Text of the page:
Engineers are living through a technological boom, trying new tools and assets that make innovation easier. Automation and artificial intelligence (AI) in particular have opened many doors to new trends and practices, many of which have already become the norm. This article gives an overview of the application and ways AI and automation will help the field of engineering and thus humanity.
AI and different digital automation tools have allowed many engineering and manufacturing organizations to take advantage of their workflow. Automation accelerates the processes that are often considered essential for product quality and sales.
Although it may not be immediately noticeable, the application options of this technology are plentiful. However, the learning curve, as well as the adoption curve are quite steep. That is because since the Industrial Revolution, engineers and manufacturers designed and implemented solutions by hand.
The future undoubtedly holds a lot of opportunity for task automation and AI, leading to fast-paced task completion. Additionally, the automation process will gradually lead to the closure of the knowledge gap between the engineers from different fields working on the same project. Finally, it will lead to more consistent quality, boosting the entire industry.
The main tool and subset of artificial intelligence is machine learning. It defines a set of algorithms used to create an intelligent system through learning. Machine learning and its visually-oriented subset, deep learning, has application in manufacturing and robotics that plays a great role in mechanical engineering and other fields.
Another important discipline closely connected to AI and automation is the internet of things (IoT). This technology refers to smart devices connected to the internet. Siri, Alexa, Google Assistant and Samsung Bixby have brought smart AI assistants to life. The existence of this technology in combination with AI can lead to an abundance of new jobs, as well as new disciplines and work fields.
Quality assurance and control
Smart systems are already in use for the testing of software and assuring its quality. The trained models have been successful in the fields of mobile app development as well as other forms of software. But how does that apply to the industry?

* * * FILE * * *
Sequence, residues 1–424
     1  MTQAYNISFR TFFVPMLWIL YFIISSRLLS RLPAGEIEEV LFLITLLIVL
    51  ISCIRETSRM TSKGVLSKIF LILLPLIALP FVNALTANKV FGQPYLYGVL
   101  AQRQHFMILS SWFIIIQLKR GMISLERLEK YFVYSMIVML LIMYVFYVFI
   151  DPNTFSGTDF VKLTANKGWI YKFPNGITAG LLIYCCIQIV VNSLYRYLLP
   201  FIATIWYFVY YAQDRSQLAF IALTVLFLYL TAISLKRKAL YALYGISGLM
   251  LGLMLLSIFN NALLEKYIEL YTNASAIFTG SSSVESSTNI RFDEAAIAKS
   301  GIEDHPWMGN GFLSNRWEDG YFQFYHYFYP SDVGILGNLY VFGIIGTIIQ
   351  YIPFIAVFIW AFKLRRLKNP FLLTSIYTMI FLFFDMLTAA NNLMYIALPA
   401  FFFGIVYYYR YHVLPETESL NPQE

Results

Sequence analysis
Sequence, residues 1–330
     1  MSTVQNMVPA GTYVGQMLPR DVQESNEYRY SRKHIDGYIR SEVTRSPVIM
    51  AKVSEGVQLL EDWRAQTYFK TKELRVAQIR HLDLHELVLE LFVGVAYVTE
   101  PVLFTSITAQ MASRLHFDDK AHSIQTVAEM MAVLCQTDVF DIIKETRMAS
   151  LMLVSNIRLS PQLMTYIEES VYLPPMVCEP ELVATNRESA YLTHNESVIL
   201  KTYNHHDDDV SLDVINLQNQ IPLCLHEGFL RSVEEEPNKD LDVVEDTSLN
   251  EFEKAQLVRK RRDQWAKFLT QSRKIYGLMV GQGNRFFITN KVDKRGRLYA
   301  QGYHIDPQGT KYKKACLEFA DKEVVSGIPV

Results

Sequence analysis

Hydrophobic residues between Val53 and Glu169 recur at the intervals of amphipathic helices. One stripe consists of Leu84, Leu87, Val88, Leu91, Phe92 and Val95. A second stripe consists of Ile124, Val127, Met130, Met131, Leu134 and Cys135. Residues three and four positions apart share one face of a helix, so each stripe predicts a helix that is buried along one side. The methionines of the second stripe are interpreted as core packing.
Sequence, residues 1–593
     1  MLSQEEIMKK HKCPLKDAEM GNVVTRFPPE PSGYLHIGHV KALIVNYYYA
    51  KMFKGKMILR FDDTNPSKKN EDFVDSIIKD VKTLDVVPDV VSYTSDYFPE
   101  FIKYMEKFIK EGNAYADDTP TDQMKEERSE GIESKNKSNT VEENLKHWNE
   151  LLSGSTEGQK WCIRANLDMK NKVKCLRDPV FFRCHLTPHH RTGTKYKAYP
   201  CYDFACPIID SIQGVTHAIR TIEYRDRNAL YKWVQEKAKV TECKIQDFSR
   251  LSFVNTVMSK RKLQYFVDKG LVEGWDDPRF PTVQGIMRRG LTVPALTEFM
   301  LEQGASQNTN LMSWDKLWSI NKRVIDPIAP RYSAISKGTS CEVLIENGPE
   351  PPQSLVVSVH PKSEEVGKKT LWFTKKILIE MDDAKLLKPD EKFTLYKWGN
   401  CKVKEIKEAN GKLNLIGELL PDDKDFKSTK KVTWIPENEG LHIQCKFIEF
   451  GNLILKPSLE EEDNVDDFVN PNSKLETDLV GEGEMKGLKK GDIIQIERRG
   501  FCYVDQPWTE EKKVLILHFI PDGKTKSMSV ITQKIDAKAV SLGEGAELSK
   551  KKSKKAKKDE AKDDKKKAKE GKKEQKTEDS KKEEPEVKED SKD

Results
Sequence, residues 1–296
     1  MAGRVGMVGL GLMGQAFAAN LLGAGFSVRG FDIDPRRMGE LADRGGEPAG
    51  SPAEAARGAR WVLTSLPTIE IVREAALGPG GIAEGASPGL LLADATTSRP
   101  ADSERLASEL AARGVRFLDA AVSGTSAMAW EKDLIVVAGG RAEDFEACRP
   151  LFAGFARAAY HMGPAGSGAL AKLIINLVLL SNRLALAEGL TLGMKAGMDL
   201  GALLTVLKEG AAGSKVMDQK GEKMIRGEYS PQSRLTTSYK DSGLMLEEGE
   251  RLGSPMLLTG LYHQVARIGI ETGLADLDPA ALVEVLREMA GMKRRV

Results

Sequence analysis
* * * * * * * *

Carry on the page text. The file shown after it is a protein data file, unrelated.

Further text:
Quality assurance exists in pretty much every engineering and technology branch. Engineers, designers and other experts can easily automate the process of quality control. Of course, up until now, this has mostly been done using top-notch software and machines. AI would speed up the process and make it more consistent.
Engineers can train models that use data to understand different environmental terms and the construction of a machine, vehicle or device about to enter mass production. Aeronautical engineers, for example, can easily test their flying crafts through compelling machine learning models that can make lengthy and complex calculations and estimations normally performed by engineers and analysts. They can test the input of flight length, weather data and materials while simulating a realistic scenario of a plane, helicopter or drone in flight.
The same technology can be applied in agriculture with food processing and food technology engineers who test and control the quality of different groceries, dairy products and other food. Expert systems built using classification and clustering models can test the levels of certain substances in food, determine if they are healthy and estimate a correct expiration date.